Spring showers and summer flowers are definitely something to look forward to—but before that, the
one inevitable thing looming in the horizon is your tax deadline. Whether you file your own or get
professional help, 2020 threw a lot of curveballs that could impact your bottom line.

In Canada, if you’re trying to call the CRA hotline to inquire about specific things, you will face an
extraordinary wait time. Of course, that’s to be expected and that’s why the CRA website is full of
important updated information surrounding COVID-19 and changes to taxes and benefits. And if you
don’t have one already, sign up for a MY CRA ACCOUNT where a copy of your T4, and other slips issued
to you, will be posted even though you may be missing your physical copy. These online tools will help
you avoid hours long wait times for some FAQ’s at the ready.

WF checked in with Ami Patel, a partner in the tax practice at PwC Canada, to get some answers to our
tax questions. Here are some things we wanted to know.

WF: Can women expect any specific tax benefits for 2020 as a result of having to shift to a WFH model?

AP: Some employers have initiatives in place for working from home and they may provide an allowance
for workplace essentials. The CRA did announce that reimbursements to employees of up to $500 for
computer or home office equipment will not be considered a taxable benefit to employees if supporting
receipts were provided. Also, the CRA has introduced a new temporary flat rate method to simplify the
deduction for home office expenses for 2020. Employees can claim the deduction for home office
expenses on their personal returns. There are certain eligibility criteria, for example, because you were
required to work from home for more than 50 % of the time for a period of at least 4 consecutive weeks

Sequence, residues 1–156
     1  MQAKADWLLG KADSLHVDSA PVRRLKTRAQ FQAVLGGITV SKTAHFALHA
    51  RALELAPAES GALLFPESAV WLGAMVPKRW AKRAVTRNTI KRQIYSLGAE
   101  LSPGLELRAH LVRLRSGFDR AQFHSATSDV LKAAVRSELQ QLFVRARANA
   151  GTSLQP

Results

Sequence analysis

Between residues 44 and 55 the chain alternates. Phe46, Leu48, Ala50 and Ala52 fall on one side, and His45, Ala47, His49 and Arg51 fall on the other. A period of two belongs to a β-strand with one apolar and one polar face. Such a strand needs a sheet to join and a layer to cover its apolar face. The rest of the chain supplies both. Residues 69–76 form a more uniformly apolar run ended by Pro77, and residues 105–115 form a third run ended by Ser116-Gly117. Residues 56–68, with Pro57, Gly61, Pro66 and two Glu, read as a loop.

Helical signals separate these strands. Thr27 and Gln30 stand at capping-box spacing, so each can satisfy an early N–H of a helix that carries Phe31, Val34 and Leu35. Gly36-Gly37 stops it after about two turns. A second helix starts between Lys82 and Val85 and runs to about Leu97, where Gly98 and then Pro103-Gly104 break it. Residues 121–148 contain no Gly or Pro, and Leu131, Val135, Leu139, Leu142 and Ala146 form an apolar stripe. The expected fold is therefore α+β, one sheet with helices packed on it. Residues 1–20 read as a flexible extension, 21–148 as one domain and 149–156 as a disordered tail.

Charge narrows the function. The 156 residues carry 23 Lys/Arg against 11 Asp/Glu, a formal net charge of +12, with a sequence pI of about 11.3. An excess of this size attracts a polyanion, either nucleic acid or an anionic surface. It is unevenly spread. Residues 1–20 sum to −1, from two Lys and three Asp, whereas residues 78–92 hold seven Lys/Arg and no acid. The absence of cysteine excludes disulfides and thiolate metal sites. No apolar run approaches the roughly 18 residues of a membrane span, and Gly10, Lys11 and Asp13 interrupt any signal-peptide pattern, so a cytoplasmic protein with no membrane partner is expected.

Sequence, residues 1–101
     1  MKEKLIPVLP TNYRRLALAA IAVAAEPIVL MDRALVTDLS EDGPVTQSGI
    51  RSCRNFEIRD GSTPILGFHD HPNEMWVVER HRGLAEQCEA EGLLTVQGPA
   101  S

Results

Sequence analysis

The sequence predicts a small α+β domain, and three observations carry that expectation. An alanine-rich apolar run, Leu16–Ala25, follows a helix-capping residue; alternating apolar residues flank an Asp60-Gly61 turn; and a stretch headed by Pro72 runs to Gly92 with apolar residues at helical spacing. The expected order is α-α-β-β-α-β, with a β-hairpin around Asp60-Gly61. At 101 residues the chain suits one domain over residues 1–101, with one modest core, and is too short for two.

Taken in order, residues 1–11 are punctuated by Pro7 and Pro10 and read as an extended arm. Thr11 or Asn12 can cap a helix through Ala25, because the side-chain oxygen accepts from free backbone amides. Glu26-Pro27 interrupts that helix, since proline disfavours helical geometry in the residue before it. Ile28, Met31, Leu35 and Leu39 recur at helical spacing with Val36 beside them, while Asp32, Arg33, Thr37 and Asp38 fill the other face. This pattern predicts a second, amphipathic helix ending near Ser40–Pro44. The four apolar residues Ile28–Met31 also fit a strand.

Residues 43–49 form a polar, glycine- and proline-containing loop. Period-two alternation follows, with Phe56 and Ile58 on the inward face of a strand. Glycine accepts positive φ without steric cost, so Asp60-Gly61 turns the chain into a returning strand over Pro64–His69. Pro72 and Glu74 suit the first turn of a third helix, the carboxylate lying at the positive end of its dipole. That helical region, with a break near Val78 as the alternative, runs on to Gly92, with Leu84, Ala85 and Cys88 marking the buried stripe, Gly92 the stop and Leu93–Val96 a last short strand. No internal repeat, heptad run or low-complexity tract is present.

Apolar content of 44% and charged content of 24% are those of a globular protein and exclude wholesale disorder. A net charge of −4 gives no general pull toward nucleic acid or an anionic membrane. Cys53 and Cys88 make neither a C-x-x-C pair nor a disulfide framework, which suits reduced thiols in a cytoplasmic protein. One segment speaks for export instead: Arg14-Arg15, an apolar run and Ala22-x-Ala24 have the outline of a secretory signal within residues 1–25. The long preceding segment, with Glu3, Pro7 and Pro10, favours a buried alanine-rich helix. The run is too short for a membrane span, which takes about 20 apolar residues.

and any expenses you incurred were used directly into your work for that period. The maximum amount
that can be claimed is $400 per person.

WF: Are there any added or hidden benefits for women who lost day care support services during
various phases of the lockdown while working in essential services or WFH?

AP: The one benefit that is aimed toward care giving is the Canada Recovery Care Giving Benefit, CRCB,
and that gives income support to employed and self employed individuals who are unable to work
because they must care for a child under 12 years old or a family member who needs supervised care.
That means, the household can receive $500, or $450 after the taxes are withheld, for each one-week
period. After that, the individual must apply again through their ‘MY CRA Account.’ You can also apply if
you’re unable to work for at least 50% of their scheduled work week because they must care for a family
member since their school/childcare facility is closed because of COVID-19. . However, you cannot apply
for this benefit if you’ve received another benefit for the same period.

WF: CERB. CRB. What’s the difference?

AP: CERB or Canada Emergency Response Benefit is an old recovery benefit that was discontinued, the
one that was initially in place between March 15 th , 2020 and September 26 th , 2020, and all of those
applications were accepted and processed by CRA until December 2, 2020. That was the initial $2,000